CSS Reference Property


The backdrop-filter property allows us to apply filter effects to the content behind an element using CSS.

This property is an extension to the Filter Effects Module Level 1 that defines the filter property. It uses the same syntax as the filter property but the effects are applied to the backdrop of the element instead. Such effects are commonly seen in interfaces for devices running iOS7 and above, as well as OS X Yosemite and above. Without this property, this effect could only be achieved by editing the background image itself and applying clipping and positioning techniques.

For the property to have any visible effect, there need to be 2 elements stacked on top of each other along the z-axis, from either nested elements or from absolute positioning. Also, the background of the element which backdrop-filter is applied to, needs to be semi-transparent. backdrop-filter works by making the browser engine target the content behind the styled element, and not the background of the element itself. The filter effect is then applied to that content, and the backdrop is composited with other elements on the page in the final rendering.

Applying backdrop-filter to an element also creates a new stacking context, just like when opacity is applied.

Note that the use of this property can have adverse effects on performance, especially when applied to a large number of elements or a large area of the page, and should therefore be used with careful consideration.

Official Syntax

  • Syntax:

    backdrop-filter: none | <filter-function-list>
  • Initial: none
  • Applies To: All elements. In SVG, it applies to container elements without the <defs> element and all graphics elements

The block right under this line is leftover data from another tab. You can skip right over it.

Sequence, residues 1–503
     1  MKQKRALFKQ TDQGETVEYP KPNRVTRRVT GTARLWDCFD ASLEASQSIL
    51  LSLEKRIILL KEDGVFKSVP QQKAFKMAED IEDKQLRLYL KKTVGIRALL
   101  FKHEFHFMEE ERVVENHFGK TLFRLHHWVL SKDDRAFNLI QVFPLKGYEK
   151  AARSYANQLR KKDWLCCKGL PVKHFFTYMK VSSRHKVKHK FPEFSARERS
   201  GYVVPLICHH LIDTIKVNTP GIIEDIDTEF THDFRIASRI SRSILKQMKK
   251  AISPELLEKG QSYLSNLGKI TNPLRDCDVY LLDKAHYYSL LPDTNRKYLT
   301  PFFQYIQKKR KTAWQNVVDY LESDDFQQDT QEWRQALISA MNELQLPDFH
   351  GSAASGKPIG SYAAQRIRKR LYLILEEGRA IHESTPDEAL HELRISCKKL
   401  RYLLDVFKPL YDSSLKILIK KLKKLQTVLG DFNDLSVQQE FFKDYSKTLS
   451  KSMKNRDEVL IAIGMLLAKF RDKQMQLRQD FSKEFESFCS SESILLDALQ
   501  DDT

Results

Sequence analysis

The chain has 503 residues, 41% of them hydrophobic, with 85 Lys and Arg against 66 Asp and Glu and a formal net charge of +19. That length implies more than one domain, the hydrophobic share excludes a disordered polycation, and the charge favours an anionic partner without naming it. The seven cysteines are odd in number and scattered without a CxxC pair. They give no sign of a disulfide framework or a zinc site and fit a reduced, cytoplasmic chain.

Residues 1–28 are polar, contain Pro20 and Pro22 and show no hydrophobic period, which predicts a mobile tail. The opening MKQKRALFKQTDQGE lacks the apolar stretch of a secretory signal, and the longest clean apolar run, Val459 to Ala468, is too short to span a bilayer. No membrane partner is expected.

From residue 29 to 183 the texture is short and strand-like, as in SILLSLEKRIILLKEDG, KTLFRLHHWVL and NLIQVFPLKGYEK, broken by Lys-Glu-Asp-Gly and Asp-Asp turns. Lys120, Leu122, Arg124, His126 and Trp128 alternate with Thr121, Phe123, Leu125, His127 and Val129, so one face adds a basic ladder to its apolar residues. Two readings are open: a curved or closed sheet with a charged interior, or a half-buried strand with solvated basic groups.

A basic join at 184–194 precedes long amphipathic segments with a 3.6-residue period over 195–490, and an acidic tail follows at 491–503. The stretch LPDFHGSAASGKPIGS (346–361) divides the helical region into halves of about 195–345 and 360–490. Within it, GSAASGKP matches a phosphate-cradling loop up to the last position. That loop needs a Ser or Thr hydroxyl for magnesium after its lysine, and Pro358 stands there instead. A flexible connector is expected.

• Animatable: Yes


This is the initial value. No filter effect is applied to the backdrop.
A space-separated list of filter functions, applied in the order in which they are declared. The following is the list of filter functions available, which are the same as those for the filter property.


The following is a simple example of using the backdrop-filter property to create a frosted glass effect. The markup is an image and a div containing the text for its caption.

<div class="container">
  <img src="https://ichef.bbci.co.uk/images/ic/976x549_b/p0121stm.jpg">
  <div class="caption">
    <p>played by Katie McGrath</p>

The caption is positioned absolutely over the bottom of the image and the backdrop-filter is applied to it.

.caption {
  padding: 0.5em 1em;
  position: absolute;
  left: 0;
  right: 0;
  bottom: 0;
  backdrop-filter: blur(4px);
  background-color: rgba(255, 255, 255, 0.5);

The final effect should look like this: CSS Reference background-filter example

Live Demo

This property is currently only supported (and thus viewable) in Safari 9 onwards. It is possible to enable this CSS property on Chrome and Opera by enabling the “Experimental Web Platform Features” flag.

The following demo is an example of how we can adjust the text color depending on the background color, i.e. have light text on a dark background and vice versa, by applying the inverse() filter to the text, then re-inverting the background behind the filter with backdrop-filter.
View this demo on the Codrops Playground

This next demo is an example of how we can create a night-mode effect toggle using the inverse() filter.
View this demo on the Codrops Playground

We can also make use of the blur() filter to create a graphic content toggle:
View this demo on the Codrops Playground

Browser Support

CSS Backdrop Filter

Method of applying filter effects (like blur, grayscale or hue) to content/elements below the target element.

Unofficial or W3C "Note"

Supported from the following versions:


  • 76
  • 103
  • No
  • 64
  • 18

Mobile / Tablet

  • 18
  • 126
  • No
  • 126
  • 127

* denotes prefix required.

  • Supported:
  • Yes
  • No
  • Partially
  • Polyfill

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Written by . Last updated May 14, 2017 at 2:52 am by Hui Jing Chen.

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